PAL: I was asked to write this piece in fall of 2019 and I had had a couple of reading sessions with Abigail Richardson-Schulte about it which were essentially composition lessons, but also a lot of lessons on how to format this thing I was writing so that it’s good for the orchestra. There are certain standards that orchestral players have, they’re expecting to see certain things laid out in specific ways so they can turn their pages properly, for example, and if you as a composer aren’t prepared for that, then it could lead to a bad rehearsal. So, I got a lot of good typesetting feedback from Abigail about that. On the day of the reading, it was very cut and dry: you show up, they play your piece, the conductor turns around and asks you if there’s anything you want done differently, you shout back what you think needs to be different, the conductor rehearses those spots, and in my case, they had enough time to run it a second time, and then away I went.  

NJ: While I was working on this piece, I was also working on my master’s and studying with [CMC Associate Composer] Kelly-Marie Murphy, so I was able to construct the piece with a lot of her advice as well as Abigail’s. We learned not just about writing for the orchestra but also about the business side. We had some of the HPO admin and librarians give us an overview of the session, how to create the piece, what to include and where. Those sessions were very helpful as well as getting the feedback from the librarian once the piece was submitted – having to make some of the smallest edits that maybe wouldn’t stand out as an error at first but would help things run smoothly. When it came time for the reading, because I had had all this advice from Kelly-Marie, Abigail, and the HPO administration, it went relatively smoothly for the first run-through and a solid second run-through as well. The whole process from start to finish was very interesting and it was pretty neat to see it all come together at the end. 

SD: In the reading I realized that 15 minutes goes by VERY fast, but it was pretty amazing what the musicians and conductor, Gary Kulesha, managed to do within that time. They started with a run-through that went pretty well, then Gary did some focused work with the orchestra in certain parts of the piece. I could hear things taking shape and the musicians really getting into it, which was pretty fun to experience.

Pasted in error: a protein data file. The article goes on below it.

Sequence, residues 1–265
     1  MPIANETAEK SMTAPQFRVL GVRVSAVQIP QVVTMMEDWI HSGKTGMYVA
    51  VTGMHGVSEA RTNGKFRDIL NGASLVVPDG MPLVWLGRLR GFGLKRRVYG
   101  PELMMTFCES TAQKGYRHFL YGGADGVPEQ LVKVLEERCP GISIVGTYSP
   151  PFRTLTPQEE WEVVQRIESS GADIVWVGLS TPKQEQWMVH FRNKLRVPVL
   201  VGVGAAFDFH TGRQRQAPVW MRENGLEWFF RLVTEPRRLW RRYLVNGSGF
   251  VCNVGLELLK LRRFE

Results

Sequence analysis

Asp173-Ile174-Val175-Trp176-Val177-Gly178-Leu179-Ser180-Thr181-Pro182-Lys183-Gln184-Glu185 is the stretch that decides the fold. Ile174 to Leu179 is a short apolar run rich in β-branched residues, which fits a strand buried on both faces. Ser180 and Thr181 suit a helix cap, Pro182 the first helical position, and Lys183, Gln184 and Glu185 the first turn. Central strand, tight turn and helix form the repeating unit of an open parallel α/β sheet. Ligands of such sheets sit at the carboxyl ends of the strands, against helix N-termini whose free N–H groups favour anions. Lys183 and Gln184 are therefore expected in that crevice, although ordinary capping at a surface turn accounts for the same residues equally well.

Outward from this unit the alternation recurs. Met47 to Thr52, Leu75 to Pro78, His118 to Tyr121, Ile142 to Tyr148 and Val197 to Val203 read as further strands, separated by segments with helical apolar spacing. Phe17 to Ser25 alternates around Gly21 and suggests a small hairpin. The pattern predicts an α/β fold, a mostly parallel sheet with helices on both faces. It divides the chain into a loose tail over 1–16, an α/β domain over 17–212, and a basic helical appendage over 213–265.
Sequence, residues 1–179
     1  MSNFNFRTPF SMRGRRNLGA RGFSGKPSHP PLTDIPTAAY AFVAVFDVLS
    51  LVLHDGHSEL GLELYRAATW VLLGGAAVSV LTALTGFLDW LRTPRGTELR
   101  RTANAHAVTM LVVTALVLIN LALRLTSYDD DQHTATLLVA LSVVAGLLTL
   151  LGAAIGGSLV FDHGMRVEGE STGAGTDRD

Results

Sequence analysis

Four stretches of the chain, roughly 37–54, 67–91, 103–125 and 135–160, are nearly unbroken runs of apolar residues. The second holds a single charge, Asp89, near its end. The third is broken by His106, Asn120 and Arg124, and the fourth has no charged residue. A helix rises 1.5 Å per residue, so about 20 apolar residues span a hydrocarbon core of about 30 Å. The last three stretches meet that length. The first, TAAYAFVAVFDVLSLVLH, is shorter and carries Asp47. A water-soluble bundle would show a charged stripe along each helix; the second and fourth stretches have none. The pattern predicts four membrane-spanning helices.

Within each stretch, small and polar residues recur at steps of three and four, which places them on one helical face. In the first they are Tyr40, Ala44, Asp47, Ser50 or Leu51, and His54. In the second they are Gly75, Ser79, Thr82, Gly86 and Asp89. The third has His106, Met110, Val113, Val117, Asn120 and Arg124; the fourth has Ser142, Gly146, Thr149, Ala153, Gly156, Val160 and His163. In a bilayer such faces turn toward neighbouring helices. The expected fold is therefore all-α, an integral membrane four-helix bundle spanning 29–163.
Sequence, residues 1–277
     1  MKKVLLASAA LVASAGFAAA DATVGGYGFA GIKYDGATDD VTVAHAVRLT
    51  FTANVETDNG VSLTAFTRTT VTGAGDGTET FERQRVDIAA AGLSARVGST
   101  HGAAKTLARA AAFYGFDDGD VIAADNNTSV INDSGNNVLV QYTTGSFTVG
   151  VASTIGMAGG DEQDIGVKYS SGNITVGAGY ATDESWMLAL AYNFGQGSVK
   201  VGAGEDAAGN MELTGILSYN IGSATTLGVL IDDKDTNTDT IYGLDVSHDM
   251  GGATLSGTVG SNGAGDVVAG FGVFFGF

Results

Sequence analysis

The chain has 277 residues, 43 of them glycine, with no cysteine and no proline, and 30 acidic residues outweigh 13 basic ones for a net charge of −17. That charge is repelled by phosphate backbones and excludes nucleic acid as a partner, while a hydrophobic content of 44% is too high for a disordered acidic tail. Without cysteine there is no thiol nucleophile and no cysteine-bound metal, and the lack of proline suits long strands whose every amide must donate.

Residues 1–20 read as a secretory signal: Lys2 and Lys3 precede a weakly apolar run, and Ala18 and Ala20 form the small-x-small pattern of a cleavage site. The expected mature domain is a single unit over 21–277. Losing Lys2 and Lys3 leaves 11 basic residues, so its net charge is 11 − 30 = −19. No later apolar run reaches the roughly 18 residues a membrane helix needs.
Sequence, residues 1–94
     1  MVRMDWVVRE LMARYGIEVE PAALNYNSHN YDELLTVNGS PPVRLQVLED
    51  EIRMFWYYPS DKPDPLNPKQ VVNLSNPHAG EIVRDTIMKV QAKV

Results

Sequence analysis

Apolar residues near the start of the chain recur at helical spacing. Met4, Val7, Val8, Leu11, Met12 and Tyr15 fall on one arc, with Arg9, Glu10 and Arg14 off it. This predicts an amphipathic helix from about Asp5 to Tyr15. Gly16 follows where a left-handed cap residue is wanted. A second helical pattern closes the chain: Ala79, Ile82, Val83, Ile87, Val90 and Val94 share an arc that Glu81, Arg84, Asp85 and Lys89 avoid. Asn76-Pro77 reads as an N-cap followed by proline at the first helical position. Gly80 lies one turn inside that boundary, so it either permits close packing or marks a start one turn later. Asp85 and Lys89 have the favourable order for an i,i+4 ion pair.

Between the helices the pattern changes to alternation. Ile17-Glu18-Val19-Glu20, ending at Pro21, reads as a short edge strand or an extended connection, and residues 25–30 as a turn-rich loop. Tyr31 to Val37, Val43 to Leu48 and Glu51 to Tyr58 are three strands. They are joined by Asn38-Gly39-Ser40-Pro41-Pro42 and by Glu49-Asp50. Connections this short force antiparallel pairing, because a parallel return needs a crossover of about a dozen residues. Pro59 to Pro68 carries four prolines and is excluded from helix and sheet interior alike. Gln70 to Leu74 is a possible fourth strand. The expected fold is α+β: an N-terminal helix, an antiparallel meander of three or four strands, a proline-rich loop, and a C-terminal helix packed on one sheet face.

Hearing my piece for the first time was a little shocking though: it wasn’t quite what I expected and I couldn’t decide if it was successful or not! It wasn’t an unfamiliar feeling as I often do feel insecure about what I wrote when I hear my works live for the first time, but I kind of get over that feeling the more I hear the music in rehearsals, concerts, etc. As we didn’t have the opportunity to hear our works several times, I’m so eager to hear the archival recording with this sort of detachment! But I did receive some positive feedback, so that’s always encouraging. 

As the program was also focused on learning about the orchestras behind the scenes, it was great seeing the whole team involved and all the different roles. It helped demystify this “machine,” plus HPO’s team was so kind and willing to share their work! I definitely have a better appreciation of this aspect of the work. 

AJC: I was actually slotted in to the reading at the last minute due to an absence. I had done the HPO fellowship this past year and was writing a new orchestral work after Covid hit and I had lost my job as a teacher. I found myself with nothing to do and because I like doing the opposite of everyone else, I thought to myself “everyone is writing these Zoom pieces, so why don’t I write a piece for orchestra?” By chance, I had a lesson with Abigail where I showed her the piece I had been working on, and she invited me to replace the composer who couldn’t be there. With that being said, the piece I was writing wasn’t designed for a reading session, it’s gigantic! Because of this I had to reduce the orchestration and shorten the length a bit. It ended up still being a little too big for what we were trying to accomplish, so my experience was more for my edification than to get a complete piece at the end. I worked with [Conductor] Gary Kulesha to figure out ways in which we could hear all the elements in the score even if we had to reduce the tempo. With those parameters, the piece ended up being very long, and I only got one read through. That being said, I had this gigantic piece that came at the end of a 3-hour new music rehearsal and I couldn’t believe how professional the orchestra was. Despite having site-read new pieces all day, they played it wonderfully and still had the energy to check passages with me after the reading.  

JG: What lessons did you learn from this experience? 

NJ: My biggest takeaway is that I should come into the experience knowing what I’m there for. I went to the reading super nervous, not knowing how it would turn out. During part of the reading, I even remember literally shaking in the front row just because I was so nervous. I think, however, having the confidence to effectively answer when the conductor asks what could be different. Because I was so nervous this time, I immediately answered “no” because I didn’t want to talk. Not to say the experience wasn’t welcoming and professional at all, I was just nervous about being in the position of authority as the composer. If I was to do something like this ever again, I would like to go in more confidently, take notes on what I want to say and not being afraid to speak up.